One of the greatest myths of mankind revolves around whether ability is a gift of genetics or a learned blessing for those provided with the correct tools to succeed. As a child footballer, I was never blessed with the natural athletisism of some of my peers, who would execute step overs and audacious tricks with confidence all over the pitch - but what was the main difference? Well, I never tried the tricks...
Children who believe that ability can be learned through practice tend to succeed in situations that are difficult. On the flip side, children who feel that ability is natural, tend to give up easier or not attempt a harder task, for fear of losing their "gifted" status. Now, I'm not claiming to have been "gifted", but what I am claiming is that it is easy for children to be put off practicing their skills, because they are a) scared of making a mistake and b) do not feel that they will ever reach the level of their peers.
We need to make sure that we emphasise the need for practicing skills in kids football and grow their confidence. It takes hours of dedicated practice to master a classical masterpiece by Beethoven or Bach on the piano and learning to play like Ronaldo and Messi is no different. Children and parents need to realise that the flexibility and dexterity required to execute a "flip-flap" or a Cruyff turn can only be built over hours of repetition, much like that suggested by the famous Wiel Coerver.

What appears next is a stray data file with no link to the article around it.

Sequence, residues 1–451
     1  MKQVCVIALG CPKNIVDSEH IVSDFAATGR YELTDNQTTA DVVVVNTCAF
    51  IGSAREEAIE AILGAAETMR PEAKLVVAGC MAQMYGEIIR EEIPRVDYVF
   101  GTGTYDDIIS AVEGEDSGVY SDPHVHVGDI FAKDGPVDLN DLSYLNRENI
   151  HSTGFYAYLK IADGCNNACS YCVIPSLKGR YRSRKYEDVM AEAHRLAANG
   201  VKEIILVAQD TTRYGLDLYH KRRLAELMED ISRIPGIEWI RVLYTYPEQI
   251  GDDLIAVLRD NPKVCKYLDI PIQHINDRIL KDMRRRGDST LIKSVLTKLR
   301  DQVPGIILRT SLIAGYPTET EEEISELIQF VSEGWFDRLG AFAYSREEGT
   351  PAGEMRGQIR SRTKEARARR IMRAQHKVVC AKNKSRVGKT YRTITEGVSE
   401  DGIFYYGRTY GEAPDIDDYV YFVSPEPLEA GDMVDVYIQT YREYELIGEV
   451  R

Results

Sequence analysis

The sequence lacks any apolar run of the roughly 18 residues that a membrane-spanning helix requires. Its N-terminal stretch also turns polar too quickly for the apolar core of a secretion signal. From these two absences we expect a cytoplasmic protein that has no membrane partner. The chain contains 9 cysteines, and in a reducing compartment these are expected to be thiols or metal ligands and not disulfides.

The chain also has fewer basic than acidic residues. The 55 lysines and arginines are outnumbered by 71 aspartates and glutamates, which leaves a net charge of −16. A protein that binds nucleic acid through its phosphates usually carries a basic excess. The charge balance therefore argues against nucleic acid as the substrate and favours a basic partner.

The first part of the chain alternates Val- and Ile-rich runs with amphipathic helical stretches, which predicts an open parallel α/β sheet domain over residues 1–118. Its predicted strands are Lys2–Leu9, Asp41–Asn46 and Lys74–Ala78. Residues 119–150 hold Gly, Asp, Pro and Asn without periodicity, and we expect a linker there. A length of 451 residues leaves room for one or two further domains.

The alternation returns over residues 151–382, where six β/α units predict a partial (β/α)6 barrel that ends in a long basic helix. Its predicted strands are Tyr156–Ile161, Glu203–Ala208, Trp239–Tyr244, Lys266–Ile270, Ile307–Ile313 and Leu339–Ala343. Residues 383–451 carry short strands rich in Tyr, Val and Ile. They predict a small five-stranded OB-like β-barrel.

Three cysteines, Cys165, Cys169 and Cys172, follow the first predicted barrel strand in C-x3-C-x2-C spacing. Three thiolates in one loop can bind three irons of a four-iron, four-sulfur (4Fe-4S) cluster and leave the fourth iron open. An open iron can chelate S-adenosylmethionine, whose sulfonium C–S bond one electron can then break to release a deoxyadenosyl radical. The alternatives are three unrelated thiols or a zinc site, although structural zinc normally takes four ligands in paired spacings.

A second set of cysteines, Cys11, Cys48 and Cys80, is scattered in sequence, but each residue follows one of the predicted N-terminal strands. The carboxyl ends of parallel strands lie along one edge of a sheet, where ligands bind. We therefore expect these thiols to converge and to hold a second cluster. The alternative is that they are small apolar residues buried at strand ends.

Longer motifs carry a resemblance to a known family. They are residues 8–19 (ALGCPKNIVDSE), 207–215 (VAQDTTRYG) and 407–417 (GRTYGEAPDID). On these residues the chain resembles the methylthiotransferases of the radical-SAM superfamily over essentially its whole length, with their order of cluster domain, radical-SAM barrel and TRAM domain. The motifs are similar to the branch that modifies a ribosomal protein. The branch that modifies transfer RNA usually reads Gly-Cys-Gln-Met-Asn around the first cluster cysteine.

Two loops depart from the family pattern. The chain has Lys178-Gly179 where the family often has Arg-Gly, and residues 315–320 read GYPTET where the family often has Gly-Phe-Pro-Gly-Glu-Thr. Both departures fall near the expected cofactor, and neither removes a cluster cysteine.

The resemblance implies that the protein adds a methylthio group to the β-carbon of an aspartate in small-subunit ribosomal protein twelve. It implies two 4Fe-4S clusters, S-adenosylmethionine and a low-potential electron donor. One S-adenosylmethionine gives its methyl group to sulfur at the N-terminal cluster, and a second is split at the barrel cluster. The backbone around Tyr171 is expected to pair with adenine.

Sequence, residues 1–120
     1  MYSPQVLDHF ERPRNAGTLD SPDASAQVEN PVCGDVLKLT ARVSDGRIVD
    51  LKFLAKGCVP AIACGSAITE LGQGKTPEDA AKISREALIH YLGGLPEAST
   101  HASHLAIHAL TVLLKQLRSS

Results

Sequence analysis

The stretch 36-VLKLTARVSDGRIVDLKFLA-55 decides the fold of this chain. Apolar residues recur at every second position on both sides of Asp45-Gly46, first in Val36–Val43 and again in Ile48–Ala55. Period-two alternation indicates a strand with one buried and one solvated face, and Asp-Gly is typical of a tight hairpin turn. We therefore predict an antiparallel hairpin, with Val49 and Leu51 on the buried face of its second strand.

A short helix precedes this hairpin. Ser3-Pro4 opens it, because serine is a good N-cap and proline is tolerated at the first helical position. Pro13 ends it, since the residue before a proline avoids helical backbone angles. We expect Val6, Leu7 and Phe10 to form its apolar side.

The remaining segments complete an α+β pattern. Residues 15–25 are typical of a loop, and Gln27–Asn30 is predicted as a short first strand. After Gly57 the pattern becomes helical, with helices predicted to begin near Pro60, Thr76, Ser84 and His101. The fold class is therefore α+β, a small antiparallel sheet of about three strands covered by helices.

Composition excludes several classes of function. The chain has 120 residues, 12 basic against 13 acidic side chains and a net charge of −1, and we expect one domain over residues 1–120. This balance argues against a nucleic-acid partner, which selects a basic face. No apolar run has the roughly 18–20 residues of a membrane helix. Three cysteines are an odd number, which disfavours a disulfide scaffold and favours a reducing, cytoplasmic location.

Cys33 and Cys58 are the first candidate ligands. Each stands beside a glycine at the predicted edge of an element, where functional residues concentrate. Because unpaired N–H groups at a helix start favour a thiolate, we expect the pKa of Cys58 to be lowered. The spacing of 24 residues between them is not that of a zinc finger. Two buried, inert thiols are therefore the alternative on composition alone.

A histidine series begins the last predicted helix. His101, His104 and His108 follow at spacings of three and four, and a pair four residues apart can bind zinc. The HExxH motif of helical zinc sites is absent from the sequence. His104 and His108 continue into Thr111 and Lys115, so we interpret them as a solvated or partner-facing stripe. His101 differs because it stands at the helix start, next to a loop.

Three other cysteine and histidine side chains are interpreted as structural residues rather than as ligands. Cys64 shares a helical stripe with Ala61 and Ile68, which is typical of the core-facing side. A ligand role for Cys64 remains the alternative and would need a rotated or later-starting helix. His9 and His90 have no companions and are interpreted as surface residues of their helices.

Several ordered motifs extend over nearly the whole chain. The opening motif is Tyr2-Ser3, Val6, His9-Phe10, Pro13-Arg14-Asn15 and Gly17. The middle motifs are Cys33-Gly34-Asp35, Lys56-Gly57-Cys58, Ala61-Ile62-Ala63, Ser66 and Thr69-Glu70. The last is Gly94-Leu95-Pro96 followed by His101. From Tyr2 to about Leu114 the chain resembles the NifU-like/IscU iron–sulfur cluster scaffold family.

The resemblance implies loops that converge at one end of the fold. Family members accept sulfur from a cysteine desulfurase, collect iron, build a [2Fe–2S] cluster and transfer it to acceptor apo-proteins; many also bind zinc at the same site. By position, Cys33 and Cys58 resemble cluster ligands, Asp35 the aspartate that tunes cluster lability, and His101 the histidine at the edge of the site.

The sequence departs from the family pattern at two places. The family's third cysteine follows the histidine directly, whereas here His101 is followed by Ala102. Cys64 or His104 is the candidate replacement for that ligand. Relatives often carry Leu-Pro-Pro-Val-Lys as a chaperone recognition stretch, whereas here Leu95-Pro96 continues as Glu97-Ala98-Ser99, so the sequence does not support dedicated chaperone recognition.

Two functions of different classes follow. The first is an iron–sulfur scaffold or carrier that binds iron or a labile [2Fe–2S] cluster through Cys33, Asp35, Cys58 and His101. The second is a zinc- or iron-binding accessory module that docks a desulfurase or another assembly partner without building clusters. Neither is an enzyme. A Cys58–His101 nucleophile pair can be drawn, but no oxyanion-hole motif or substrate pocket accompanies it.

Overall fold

Ronaldo - the current holder of the Ballon d'Or - is a fantastic example. Has he been voted the World's Best Player because he is naturally gifted? An anecdotal story from the summer period may shed some light. Ronaldo's current club, Real Madrid, paid a handsome sum of money to tempt World Cup Golden Boot winner James Rodriguez to the club. James, being only 23 himself, wanted to make a great impression on his first day at training, so turned up extremely early for the session. On arriving, there was one other player already working with the ball in the training ground and that player was Ronaldo. Mind you - he did take a break to pose for a photo with James so perhaps he's not the perfect example after all!
The message to our footballing kids is simple: If the best player in the world needs to practice - then it's safe to say that the rest of us had better keep at it too!